Defendant MMCCAS Holdings, Inc., owner of three contiguous parcels of real property located in the Town of Brookhaven, had a small portion of its property situated within a J–2 Business Zoning District and the remainder situated in an A–1 Residential Zoning District. The property was used for a composting and mulch-processing operation. The Town of Brookhaven commenced this action to permanently enjoin the defendants from conducting the composting and mulch-processing operation on the property. The Town then moved for a preliminary injunction to that effect, contending that this use was unlawful under the zoning ordinance. In opposition, MMCCAS and the defendants Jetson Enterprises, Inc., and Green Vision Materials, Inc., argued that their operation constituted a lawful nonconforming, preexisting use of the subject premises. The Supreme Court denied the motion.
At the outset, the court noted it was improper for the lower court to deny the Town’s motion on the grounds that the Town was collaterally estopped from seeking a preliminary injunction by the denial of a motion for that relief in a prior, related action. This was because the defendants, in opposition to the Town’s motion, did not make that argument or include the prior order and motion papers as exhibits to their opposition papers. Nevertheless, although the Town ultimately might be successful in this action, it failed to demonstrate that the balance of the equities weighed in its favor. Thus, while the harm to the defendants if the injunction was granted would prove substantially burdensome and likely irreversible, the harm to the Town should the injunction be denied was more remote and uncertain. Furthermore, the court found that the granting the injunction would disturb the status quo, rather than maintain it. Accordingly, the court held that the Town’s motion for a preliminary injunction should have been denied on the merits.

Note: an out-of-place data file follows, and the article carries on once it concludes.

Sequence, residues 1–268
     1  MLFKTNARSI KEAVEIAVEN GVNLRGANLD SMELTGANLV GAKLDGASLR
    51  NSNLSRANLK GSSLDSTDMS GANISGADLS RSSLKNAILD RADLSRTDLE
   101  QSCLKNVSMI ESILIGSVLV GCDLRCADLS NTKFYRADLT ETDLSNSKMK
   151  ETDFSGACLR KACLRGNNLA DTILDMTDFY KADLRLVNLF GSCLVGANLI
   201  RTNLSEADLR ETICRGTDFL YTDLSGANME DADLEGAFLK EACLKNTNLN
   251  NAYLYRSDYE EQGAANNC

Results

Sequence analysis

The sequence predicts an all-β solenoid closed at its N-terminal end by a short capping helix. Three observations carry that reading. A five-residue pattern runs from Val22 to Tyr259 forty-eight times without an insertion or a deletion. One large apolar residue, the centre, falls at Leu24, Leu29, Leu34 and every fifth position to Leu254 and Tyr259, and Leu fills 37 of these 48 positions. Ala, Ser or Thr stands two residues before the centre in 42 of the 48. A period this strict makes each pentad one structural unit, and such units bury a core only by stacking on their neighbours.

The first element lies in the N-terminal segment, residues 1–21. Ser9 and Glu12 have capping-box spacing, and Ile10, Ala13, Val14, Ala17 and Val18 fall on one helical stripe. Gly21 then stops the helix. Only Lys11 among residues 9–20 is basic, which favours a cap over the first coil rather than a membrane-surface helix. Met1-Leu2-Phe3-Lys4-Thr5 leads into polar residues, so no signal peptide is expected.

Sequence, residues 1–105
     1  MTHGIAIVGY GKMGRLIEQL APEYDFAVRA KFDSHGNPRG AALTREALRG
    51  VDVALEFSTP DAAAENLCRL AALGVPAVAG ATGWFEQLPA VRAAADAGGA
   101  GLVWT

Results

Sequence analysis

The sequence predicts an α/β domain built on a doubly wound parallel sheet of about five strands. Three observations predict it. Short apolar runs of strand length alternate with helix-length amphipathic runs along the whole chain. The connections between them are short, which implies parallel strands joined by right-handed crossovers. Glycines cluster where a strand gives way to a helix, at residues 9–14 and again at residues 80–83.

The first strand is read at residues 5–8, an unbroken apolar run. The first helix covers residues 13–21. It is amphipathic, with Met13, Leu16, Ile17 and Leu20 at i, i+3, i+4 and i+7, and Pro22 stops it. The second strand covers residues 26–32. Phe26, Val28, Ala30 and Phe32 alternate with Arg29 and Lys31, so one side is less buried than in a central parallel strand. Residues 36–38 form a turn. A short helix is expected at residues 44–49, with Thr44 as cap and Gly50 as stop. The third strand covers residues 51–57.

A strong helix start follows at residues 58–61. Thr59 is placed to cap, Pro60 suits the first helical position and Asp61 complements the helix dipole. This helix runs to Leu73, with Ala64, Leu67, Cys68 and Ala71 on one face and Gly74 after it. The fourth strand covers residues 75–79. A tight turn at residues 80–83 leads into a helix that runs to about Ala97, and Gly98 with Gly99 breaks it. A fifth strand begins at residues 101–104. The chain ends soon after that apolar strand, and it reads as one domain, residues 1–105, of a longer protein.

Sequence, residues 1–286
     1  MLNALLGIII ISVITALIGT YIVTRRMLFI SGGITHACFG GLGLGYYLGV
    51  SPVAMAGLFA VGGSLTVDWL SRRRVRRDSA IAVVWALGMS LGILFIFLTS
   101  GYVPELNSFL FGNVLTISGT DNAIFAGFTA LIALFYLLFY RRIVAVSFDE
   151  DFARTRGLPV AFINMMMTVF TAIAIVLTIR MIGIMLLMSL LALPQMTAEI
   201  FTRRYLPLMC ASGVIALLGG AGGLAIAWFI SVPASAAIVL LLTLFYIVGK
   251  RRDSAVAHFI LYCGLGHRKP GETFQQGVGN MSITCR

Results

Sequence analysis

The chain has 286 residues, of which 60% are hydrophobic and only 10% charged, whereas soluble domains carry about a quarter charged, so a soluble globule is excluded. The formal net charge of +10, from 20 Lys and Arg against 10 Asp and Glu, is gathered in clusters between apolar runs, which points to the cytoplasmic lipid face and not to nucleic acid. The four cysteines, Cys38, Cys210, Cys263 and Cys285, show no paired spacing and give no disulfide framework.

Town of Brookhaven v MMCCAS Holdings, Inc., 2016 WL 1230607 (NYAD 2 Dept. 3/30/2016)